Earlier this month, General Mills launched a campaign with its Cheerios brand to give away wildflower seeds to anyone who requested them. The goal, according to the breakfast foods giant, was to disperse 1.5 billion seeds with the hope that 200 million flowers would bloom in consumers’ backyards. Company representatives even gave away seed packets on the streets of Chicago last week, and again yesterday, to promote this campaign.
The goal is to help boost bee populations, which have rapidly declined in recent years.
It all sounded like a pretty benign effort. The most likely outcome is that many consumers who received the packets would leave them in a drawer and forget about them, or toss them in their yard on the chance they might grow.
Then, a fuss started on the web. Some bloggers claimed Cheerios fans risked the spread of invasive species, a charge that echoed across social media. The sentiment even found itself repeated by Fortune.
General Mills has been constantly responding and repeating itself in kind, including in this emailed statement to TriplePundit:
“The flower varieties within the Bee Friendlier Mix were selected for their flowers which produce nectar and pollen that are attractive to bees and other pollinators. The mixture contains annuals, biennials, and perennials that produce flowers throughout the entire growing season (early, mid, and late) in a wide range of colors. The seed varieties in the mix are not considered invasive.”
Other critics went further, pointing to a study that found Cheerios to be the food product with the highest levels of glyphosate in laboratory tests. The links between glyphosate and the death of bees have sparked plenty of scientific debate. One study suggests that the pesticide has negligible or zero links to the decline of bee populations. Research published in another biology journal, however, speculated that glyphosate could impair associative learning and behavior in honeybee colonies.
As for its impact on human health, the science is also open to interpretation. The European Union does not consider exposure to trace amounts of glyphosate as a carcinogen. Other scientists, however, expressed concern about the pesticide’s long-term effects after the World Health Organization (WHO) in 2015 determined glyphosate is “probably carcinogenic to humans.” The WHO backtracked on that statement a year later, based on what it said was the review of 1,000 studies, but it also concluded that health risks vary by the levels of exposure to the pesticide, which only adds to the confusion.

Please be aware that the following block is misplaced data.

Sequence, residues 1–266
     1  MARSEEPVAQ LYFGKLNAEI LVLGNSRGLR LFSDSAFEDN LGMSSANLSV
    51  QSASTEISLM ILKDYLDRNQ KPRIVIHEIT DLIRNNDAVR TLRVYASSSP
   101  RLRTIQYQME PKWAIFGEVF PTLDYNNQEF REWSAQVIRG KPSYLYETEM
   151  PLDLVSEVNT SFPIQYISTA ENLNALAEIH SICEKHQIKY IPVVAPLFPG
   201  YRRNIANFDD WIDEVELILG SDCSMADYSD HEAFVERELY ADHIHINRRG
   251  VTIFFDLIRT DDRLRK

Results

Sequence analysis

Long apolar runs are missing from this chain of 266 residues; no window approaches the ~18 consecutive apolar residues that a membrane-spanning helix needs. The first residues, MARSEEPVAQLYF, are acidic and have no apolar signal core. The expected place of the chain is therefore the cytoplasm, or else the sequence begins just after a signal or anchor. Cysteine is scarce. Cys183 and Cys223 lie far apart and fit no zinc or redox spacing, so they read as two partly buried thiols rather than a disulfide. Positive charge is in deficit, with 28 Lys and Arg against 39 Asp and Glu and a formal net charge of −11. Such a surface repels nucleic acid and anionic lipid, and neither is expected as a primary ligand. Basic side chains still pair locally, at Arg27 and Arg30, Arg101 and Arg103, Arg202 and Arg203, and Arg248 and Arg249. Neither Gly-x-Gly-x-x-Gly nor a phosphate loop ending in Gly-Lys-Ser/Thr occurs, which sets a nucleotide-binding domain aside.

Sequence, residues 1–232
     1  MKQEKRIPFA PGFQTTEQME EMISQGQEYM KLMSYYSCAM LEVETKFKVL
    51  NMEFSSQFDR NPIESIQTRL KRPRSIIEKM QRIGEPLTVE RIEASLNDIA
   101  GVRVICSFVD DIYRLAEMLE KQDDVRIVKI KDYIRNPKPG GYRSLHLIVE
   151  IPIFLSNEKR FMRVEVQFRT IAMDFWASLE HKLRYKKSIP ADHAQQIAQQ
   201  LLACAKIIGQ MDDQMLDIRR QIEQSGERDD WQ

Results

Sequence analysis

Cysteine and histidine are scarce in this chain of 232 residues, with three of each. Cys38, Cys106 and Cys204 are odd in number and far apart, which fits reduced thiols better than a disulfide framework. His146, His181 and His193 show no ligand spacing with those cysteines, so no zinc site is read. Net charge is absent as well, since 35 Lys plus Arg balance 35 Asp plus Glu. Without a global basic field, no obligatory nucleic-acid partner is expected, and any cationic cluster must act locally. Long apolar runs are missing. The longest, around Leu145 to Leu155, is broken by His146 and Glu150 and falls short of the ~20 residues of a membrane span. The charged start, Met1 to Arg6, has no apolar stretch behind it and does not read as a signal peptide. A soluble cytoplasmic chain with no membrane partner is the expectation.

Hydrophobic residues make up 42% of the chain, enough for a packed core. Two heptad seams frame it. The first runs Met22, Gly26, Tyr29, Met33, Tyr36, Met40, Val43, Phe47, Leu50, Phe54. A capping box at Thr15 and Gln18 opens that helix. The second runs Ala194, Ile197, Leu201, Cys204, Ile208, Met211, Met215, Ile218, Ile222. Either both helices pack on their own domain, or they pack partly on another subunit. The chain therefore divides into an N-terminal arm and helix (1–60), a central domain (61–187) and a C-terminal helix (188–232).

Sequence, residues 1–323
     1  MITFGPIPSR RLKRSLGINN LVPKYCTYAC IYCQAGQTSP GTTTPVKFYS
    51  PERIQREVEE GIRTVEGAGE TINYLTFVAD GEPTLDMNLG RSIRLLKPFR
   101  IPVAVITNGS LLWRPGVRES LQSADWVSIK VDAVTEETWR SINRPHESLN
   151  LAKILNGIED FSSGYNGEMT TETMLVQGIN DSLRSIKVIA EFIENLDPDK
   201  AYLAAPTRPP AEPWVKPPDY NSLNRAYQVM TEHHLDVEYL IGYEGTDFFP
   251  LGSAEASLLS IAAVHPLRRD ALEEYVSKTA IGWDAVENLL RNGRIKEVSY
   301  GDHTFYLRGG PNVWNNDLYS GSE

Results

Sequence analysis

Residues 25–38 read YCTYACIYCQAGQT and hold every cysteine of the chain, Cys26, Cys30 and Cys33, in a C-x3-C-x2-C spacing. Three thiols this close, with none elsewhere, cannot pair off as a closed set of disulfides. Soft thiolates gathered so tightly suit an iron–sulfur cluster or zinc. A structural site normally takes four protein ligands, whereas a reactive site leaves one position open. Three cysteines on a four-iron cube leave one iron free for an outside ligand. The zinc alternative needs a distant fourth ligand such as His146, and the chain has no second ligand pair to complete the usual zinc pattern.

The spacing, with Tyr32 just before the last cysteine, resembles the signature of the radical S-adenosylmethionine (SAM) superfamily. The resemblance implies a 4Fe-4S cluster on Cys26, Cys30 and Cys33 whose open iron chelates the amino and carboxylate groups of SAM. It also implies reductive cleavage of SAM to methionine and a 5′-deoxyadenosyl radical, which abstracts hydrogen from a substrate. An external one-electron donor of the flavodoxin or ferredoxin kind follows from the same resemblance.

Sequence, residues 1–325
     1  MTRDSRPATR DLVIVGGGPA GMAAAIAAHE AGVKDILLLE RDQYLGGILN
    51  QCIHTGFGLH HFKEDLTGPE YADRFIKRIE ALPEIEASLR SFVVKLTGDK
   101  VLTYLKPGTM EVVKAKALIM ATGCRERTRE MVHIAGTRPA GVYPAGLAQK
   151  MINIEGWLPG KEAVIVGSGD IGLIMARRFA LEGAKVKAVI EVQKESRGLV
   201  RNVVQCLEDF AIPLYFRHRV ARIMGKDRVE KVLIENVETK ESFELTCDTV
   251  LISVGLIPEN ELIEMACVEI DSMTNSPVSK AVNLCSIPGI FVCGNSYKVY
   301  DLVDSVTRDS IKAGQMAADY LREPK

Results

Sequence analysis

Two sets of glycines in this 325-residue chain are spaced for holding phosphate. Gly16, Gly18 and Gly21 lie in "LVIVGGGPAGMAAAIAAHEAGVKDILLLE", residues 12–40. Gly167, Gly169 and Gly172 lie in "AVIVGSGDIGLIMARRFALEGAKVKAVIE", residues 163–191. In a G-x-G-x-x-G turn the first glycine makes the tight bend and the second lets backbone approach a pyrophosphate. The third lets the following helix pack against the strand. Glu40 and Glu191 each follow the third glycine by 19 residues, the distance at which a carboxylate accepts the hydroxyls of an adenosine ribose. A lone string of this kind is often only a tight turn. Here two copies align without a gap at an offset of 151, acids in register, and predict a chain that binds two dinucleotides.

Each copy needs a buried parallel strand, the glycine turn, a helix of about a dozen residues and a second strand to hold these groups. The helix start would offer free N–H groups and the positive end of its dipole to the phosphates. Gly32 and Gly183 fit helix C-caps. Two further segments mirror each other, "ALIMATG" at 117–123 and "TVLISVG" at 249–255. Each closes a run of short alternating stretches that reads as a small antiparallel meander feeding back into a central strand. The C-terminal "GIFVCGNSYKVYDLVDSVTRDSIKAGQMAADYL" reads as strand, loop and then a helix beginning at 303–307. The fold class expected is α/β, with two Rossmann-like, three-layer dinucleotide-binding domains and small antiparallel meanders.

Of course, there is also the lack of evidence that GMOs, such as so-called RoundUp-ready crops that are engineered to resist glyphosate, have contributed any harm on human health (or contributed to deaths). But the social media firestorm continues around the debate.
In this case, the worst accusation flying around the Internet could be that the seeds Cheerios and General Mills shipped out were genetically-modified. The vendor is actually a seed company based in Canada’s Prince Edward Island. It has been been in business for almost 80 years – and no, Veseys Seeds are not GMO.
Even under the best circumstances, a consumer engagement initiative such as this one by Cheerios is just one tool in the kit needed to revive bee populations. Planting these seeds in one’s front or backyard at the very minimum is not going to hurt; but simply tossing them in a natural environment such as in a state or national park is where the risk of an invasive species spread lies. Avoiding plants treated with neonicotinoids, which has been linked to the decline in bee populations, is also a critical tactic in addition to the planting of more flowers a home garden.
If the road to hell is paved with good intentions, General Mills risked finding itself in the fast lane. But despite suffering some bruises along the way, the pace at which the company found itself giving away seeds (its website was apparently overwhelmed, as some consumers complained that it was not working) shows that at the very least, General Mills and Cheerios helped raise awareness about this problem – resulting in success for the company overall.
Image credit: Cheerios/Facebook
Leon Kaye has written for 3p since 2010 and become executive editor in 2018. His previous work includes writing for the Guardian as well as other online and print publications. In addition, he's worked in sales executive roles within technology and financial research companies, as well as for a public relations firm, for which he consulted with one of the globe’s leading sustainability initiatives. Currently living in Central California, he’s traveled to 70-plus countries and has lived and worked in South Korea, the United Arab Emirates and Uruguay.
Leon’s an alum of Fresno State, the University of Maryland, Baltimore County and the University of Southern California's Marshall Business School. He enjoys traveling abroad as well as exploring California’s Central Coast and the Sierra Nevadas.